The reproductive function of both men and women starts to fade out with age. A new research conducted by French scientists revealed that men in their forties may face serious fertility problems. The research seems to be especially important in the present-day world when so many couples make career their first priority.
The researchers found out that couples trying to conceive a baby when a man is over 40 years of age have more difficulties than those families in which a man is younger.
Dr. Stephanie Bellos of France’s Eylau Centre for Assisted Reproduction monitored over 21.239 cases of intrauterine inseminations (IUI) in more than 12,000 couples from 2002 to 2006.
In intrauterine insemination (IUI), spermatozoa are separated from the seminal fluid and then injected directly into the uterus when a woman has her ovulation. This procedure is used with couples when it is a man who has fertility problems.
The researchers also examined the ability of the sperm to move and swim and then analyzed occurrences of pregnancy, miscarriage and delivery.
The analysis showed that the maternal age was closely associated with a reduction in the pregnancy rate: 8.9 percent with women over 35 in comparison with 14.5 percent with younger women.
The research also showed that women’s age was not the only factor affecting the process of conception. The age of the father was also an important factor in the pregnancy rate.
The study showed that the age of men led to decreases in the pregnancy rate, from 12.3 percent with fathers 30 years of age or younger, to 9.3 percent in fathers older than 45 years of age. The percentages were almost double when it came to the rates of miscarriages from 13.7 percent to 32.4 percent.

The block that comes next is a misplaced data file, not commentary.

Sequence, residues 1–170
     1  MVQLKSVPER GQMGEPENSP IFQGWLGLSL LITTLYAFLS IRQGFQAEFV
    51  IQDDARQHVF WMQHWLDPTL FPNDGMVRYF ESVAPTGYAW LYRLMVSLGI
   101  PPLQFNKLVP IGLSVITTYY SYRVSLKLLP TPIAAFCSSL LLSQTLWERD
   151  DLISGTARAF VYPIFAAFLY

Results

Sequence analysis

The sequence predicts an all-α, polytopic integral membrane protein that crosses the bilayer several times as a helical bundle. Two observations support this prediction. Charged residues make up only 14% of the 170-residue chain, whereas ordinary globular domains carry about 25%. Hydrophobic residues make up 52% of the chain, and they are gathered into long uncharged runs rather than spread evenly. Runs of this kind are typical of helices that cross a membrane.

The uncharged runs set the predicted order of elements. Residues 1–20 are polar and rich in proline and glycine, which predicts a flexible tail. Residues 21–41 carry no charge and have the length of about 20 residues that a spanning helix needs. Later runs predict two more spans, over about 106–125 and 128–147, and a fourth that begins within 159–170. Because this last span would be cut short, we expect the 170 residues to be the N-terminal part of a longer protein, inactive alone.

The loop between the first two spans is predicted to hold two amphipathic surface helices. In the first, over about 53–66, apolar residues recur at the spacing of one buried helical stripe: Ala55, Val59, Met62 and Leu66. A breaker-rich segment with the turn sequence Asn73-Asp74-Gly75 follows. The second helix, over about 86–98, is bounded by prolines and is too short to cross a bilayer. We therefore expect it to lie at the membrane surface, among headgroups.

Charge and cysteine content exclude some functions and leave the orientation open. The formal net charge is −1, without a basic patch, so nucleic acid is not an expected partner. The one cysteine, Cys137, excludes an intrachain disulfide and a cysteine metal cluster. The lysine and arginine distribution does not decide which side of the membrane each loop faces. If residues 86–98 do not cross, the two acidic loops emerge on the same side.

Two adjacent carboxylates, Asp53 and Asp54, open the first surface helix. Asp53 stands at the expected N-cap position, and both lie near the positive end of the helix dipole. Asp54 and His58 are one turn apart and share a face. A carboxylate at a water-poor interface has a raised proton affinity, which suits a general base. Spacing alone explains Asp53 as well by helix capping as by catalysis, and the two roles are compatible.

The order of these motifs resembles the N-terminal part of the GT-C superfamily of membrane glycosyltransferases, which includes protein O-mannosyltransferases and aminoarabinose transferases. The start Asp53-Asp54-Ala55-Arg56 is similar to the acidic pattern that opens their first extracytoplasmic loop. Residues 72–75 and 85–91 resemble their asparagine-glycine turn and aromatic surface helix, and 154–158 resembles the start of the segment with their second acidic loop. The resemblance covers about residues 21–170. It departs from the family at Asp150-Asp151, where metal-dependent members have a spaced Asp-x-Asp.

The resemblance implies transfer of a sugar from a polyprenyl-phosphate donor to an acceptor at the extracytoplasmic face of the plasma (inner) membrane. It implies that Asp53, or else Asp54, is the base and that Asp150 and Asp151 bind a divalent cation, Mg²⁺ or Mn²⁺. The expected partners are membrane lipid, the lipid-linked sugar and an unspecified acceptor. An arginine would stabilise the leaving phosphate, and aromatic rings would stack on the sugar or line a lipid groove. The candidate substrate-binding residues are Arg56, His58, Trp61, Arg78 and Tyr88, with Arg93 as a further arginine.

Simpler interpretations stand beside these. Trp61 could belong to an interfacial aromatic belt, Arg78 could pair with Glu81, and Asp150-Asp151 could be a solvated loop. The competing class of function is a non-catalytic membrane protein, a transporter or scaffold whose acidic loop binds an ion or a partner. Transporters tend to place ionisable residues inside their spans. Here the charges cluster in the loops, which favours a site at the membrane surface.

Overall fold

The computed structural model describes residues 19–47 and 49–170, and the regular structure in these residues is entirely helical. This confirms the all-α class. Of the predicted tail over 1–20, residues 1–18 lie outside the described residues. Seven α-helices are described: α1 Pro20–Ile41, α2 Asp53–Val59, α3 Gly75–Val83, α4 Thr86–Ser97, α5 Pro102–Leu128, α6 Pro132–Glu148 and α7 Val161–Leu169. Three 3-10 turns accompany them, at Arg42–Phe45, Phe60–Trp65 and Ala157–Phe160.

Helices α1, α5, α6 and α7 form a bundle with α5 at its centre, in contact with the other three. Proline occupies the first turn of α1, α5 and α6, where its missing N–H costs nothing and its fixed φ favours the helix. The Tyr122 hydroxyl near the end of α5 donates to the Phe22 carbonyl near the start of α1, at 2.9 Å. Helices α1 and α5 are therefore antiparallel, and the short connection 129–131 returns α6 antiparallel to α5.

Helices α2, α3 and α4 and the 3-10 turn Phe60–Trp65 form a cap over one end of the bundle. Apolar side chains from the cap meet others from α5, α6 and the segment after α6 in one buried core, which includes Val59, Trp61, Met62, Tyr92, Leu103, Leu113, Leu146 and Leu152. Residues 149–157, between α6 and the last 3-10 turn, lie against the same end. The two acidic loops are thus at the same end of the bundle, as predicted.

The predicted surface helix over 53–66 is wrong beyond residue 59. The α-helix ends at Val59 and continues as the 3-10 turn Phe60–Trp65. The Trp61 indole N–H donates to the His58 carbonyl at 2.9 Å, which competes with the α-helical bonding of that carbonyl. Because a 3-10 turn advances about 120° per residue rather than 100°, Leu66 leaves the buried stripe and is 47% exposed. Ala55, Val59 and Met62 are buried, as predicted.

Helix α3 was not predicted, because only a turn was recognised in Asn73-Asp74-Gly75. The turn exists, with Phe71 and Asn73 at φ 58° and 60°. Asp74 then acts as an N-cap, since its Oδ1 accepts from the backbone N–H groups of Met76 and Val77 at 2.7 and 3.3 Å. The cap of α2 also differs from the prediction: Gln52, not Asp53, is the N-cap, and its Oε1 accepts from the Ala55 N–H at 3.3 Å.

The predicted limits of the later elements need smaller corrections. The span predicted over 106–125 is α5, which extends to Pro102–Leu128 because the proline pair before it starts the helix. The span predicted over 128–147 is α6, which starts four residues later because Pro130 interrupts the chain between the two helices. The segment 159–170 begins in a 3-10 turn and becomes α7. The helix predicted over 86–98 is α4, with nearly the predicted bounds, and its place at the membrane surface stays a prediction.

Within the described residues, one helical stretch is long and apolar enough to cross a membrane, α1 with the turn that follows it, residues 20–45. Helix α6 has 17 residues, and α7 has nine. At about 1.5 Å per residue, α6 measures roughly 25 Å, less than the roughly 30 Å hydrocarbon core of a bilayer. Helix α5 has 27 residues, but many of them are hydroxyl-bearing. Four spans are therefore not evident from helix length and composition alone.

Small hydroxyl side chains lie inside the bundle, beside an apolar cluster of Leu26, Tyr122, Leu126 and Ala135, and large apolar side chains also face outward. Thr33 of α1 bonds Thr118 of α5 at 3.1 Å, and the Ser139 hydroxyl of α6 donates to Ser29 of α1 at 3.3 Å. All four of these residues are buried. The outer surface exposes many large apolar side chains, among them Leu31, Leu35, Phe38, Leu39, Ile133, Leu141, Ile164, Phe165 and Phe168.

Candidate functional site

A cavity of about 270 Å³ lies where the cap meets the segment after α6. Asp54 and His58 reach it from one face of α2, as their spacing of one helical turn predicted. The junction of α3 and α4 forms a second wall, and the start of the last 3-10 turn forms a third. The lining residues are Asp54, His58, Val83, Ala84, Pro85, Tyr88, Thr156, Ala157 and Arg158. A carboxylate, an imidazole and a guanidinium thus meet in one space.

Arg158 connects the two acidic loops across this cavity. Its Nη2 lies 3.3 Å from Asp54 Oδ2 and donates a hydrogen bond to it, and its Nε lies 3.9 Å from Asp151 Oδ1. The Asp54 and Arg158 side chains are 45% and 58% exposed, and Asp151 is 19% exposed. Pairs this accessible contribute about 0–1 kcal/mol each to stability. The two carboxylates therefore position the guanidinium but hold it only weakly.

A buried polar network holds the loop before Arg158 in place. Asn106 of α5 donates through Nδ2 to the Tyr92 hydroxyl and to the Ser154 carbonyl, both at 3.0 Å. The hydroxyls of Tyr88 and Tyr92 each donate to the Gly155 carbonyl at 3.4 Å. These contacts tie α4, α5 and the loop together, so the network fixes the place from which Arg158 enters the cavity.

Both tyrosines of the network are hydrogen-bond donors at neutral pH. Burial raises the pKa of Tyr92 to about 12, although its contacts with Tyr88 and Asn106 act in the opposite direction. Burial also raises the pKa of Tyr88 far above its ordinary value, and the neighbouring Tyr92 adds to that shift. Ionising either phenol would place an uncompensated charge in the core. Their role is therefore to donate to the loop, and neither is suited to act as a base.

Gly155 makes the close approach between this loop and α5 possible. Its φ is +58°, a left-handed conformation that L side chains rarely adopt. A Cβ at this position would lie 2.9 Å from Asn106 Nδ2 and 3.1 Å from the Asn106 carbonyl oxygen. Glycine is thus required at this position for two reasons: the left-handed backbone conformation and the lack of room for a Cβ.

Of course, the findings do not apply to all men over the age of 40, as there are cases of successful pregnancies even after that age. However, couples should be more aware of the fact that having a child at earlier ages is safer for both parents and the child.
Male infertility is involved in a sexually paired couple's inability to conceive in a significant number of cases, with estimates ranging from 40-50%.
The diagnosis of infertility begins with a medical history and physical exam by a urologist, preferably one with experience or who specializes in male infertility. The provider may order blood tests to look for hormone imbalances or disease. A semen sample will be needed. Blood tests may indicate genetic causes.
A complete examination of the infertile male is important to identify general health issues associated with infertility. For example, the patient should be adequately virilized; signs of decreased body hair or gynecomastia may suggest androgen deficiency.
The scrotal contents should be carefully palpated with the patient standing. As it is often psychologically uncomfortable for men to be examined, one helpful hint is to make the examination as efficient and as matter of fact as possible.
The peritesticular area should also be examined. Irregularities of the epididymis, located posterior-lateral to the testis, include induration, tenderness, or cysts.